In December’s issue of Inc. Magazine, Norm Brodsky describes a paradox of successful negotiation. The less interest you have in doing a deal, the more likely you are to get one you’ll find difficult to refuse.
Brodsky is considering selling his businesses (records storage, secure document-shredding and delivery). He turned down an offer from a major corporation because they would not buy the delivery business. A VC firm then approached Brodsky. Brodsky explained to the VC partner why they should buy all three of the businesses, set his price and then told the VC partner he would not negotiate.
A short time later the VC partner shot Brodsky an offer several million dollars below the asking price. Brodsky didn’t respond. The VC firm then inquired about why Brodsky had not responded and Brodsky again informed them he would not negotiate. He really didn’t care if he sold his businesses or not. Low and behold, the VC firm agreed to the price and the deal is in the due diligence phase.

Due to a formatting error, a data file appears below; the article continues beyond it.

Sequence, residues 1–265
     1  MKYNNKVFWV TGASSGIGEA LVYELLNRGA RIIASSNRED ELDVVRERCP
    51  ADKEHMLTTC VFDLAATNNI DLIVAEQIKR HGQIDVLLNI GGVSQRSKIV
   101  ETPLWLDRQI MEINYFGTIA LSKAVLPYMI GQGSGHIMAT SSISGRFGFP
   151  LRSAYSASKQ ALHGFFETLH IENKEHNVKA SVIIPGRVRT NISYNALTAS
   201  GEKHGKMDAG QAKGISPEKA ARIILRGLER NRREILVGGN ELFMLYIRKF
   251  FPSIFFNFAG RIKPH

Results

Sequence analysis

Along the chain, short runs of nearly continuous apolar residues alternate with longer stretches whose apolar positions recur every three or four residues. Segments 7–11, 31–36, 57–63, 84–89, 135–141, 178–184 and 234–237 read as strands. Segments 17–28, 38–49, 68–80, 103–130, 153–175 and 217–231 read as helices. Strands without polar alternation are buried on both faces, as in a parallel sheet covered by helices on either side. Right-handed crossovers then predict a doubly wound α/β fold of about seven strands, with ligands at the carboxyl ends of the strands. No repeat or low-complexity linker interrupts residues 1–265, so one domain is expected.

This lesson is applicable in business litigation as well. If you are willing to walk away empty handed you are often much more likely to get a good deal. You are probably in the strongest negotiating position when you really don’t care if the case settles or not. However, it is rare in the litigation context that an initial "take it or leave it" approach results in a settlement. Particularly if you are negotiating with an insurance company there will be an expectation that you engage in a negotiation process with multiple offers going back and forth. Usually a case will not settle until both parties have the perception that they could do worse if they go to trial. The parties need to sense the risk.
Still, as Brodsky demonstrates, the "take it or leave it" approach can be very effective under certain circumstances and is a very powerful negotiation technique with the right client and case. Being a good poker player doesn’t hurt either.